A filibuster unlike any other…

On March 6th, at 11:47am EST, Senator Rand Paul of the Commonwealth of Kentucky began speaking on the floor of the Senate chamber in Washington, DC. The chamber was in session preparing to vote on the nomination of John Brennan to the post of CIA Director when Sen. Paul began his filibuster.

If you don’t know what that is, it’s ok. It doesn’t happen very often, and it really doesn’t happen very often in the way Sen. Paul conducted his, namely because he was trying to bring a debate about drone use on US soil to the national attention.

Defined simply, a filibuster is a form of procedure in a parliamentary setting where one or more members can delay actions within the body, generally votes or nominations. With this example in the US Senate, Sen. Paul could speak for as long as he possibly can without yielding the floor to anyone, unless the opposition has 3/5 of the Senate sworn to invoke cloture and end the filibuster. There are other ways to end a filibuster, but they are rarely (if ever) used.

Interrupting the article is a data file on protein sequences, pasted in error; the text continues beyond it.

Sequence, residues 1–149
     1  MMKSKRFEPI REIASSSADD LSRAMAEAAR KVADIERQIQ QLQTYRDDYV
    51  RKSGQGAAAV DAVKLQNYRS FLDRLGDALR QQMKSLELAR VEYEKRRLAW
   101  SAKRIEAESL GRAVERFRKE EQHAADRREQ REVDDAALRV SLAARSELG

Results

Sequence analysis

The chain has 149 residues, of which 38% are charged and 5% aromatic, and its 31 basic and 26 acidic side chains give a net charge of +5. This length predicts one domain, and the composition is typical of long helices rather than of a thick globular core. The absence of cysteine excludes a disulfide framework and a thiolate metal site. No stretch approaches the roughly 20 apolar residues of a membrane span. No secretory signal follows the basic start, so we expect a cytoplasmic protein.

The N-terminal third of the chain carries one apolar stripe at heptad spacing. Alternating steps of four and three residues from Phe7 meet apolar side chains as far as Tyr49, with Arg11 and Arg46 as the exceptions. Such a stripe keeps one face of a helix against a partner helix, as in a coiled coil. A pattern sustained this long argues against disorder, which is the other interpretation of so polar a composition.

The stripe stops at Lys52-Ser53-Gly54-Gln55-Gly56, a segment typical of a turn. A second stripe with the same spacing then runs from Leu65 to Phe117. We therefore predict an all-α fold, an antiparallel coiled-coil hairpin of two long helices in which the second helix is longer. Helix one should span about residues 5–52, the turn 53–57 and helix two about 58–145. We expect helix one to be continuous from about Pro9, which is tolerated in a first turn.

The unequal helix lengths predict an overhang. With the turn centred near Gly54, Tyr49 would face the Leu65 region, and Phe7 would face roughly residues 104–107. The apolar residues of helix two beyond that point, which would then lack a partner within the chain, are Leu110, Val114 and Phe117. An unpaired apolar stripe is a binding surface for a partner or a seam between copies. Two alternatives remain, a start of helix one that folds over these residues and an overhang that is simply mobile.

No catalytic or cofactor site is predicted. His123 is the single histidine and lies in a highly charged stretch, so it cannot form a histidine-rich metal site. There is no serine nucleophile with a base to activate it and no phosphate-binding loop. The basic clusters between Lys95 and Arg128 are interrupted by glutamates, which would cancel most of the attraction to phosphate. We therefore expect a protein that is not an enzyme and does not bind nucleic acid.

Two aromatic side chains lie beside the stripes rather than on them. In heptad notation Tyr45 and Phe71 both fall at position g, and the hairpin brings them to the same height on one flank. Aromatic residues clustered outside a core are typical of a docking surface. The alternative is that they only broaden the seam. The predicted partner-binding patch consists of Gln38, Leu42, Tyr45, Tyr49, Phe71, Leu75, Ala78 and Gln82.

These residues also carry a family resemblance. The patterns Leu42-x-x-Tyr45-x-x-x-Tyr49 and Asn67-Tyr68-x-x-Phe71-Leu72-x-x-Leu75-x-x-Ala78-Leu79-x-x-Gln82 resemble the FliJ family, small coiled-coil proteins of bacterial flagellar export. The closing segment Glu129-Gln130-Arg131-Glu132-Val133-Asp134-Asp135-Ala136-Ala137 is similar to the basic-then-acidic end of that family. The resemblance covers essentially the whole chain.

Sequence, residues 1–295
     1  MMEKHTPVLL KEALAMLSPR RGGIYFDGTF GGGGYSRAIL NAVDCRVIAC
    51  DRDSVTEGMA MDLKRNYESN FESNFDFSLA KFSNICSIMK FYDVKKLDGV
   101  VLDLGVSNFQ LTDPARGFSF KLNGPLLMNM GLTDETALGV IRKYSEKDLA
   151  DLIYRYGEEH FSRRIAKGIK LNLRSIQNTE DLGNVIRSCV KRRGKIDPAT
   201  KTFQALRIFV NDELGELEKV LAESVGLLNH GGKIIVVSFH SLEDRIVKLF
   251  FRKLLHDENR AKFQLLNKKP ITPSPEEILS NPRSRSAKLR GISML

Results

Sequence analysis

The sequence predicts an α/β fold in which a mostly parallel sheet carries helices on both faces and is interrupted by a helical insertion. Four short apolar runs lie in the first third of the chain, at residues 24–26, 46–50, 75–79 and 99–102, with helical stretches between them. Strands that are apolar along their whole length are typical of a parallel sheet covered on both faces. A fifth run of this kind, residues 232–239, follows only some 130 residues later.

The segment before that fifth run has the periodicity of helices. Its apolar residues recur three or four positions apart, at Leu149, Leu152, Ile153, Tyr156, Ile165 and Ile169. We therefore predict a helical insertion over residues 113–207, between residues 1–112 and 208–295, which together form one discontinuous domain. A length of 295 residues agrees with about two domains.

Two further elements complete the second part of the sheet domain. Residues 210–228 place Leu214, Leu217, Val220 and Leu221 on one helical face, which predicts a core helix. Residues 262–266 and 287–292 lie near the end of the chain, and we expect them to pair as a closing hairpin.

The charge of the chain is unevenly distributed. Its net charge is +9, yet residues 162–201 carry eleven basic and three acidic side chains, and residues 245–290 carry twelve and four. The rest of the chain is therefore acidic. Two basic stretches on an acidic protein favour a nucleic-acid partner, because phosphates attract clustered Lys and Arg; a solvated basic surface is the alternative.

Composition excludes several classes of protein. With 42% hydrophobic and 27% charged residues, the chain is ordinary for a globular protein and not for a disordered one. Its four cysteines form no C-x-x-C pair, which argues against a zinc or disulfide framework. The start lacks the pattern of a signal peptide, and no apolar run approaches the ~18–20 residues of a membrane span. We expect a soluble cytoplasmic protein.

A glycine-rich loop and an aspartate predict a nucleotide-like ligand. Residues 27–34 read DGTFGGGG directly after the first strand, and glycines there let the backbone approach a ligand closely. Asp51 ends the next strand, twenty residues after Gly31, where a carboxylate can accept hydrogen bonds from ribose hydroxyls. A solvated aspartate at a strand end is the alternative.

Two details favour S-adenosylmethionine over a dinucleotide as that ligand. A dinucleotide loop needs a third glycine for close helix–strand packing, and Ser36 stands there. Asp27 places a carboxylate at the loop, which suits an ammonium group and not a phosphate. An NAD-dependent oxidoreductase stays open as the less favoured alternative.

Senator Paul cannot sit once his filibuster begins. He cannot use any electronics on the floor. He is often speaking to no one but himself and the folks working in the chamber, meaning no other Senators are present. This is an incredibly arduous process, and it requires the speaker to be very engaged.

The longest filibuster ever was from Senator Strom Thurmond when he filibustered the CIVIL RIGHTS ACT of 1957. Ironic, no?

What makes Senator Paul’s filibuster different? He stayed on message. Often times, filibustering politicians will read random texts to keep their filibuster going. Cookbooks, laws, dictionaries, the Declaration of Independence, the Constitution, phone books, voting laws, and much more have been used to keep a filibuster going. Instead of this, Senator Paul spent his time reading from articles related to the issue of civil liberties in these United States, specifically as it relates to the potential use of drones against citizens of the nation.

As I write, it’s still ongoing. Ten hours later, Senator Rand Paul of the Commonwealth of Kentucky takes the reins on civil liberties and unites many Democrats, Conservatives, Anarchists, Left-Wingers, Republicans, and people in between to find common ground on one key issue: our government can’t kill us without doing a little more work than flying an unmanned plane and dropping a bomb on us.

They’d rather take care of you in the hospital.


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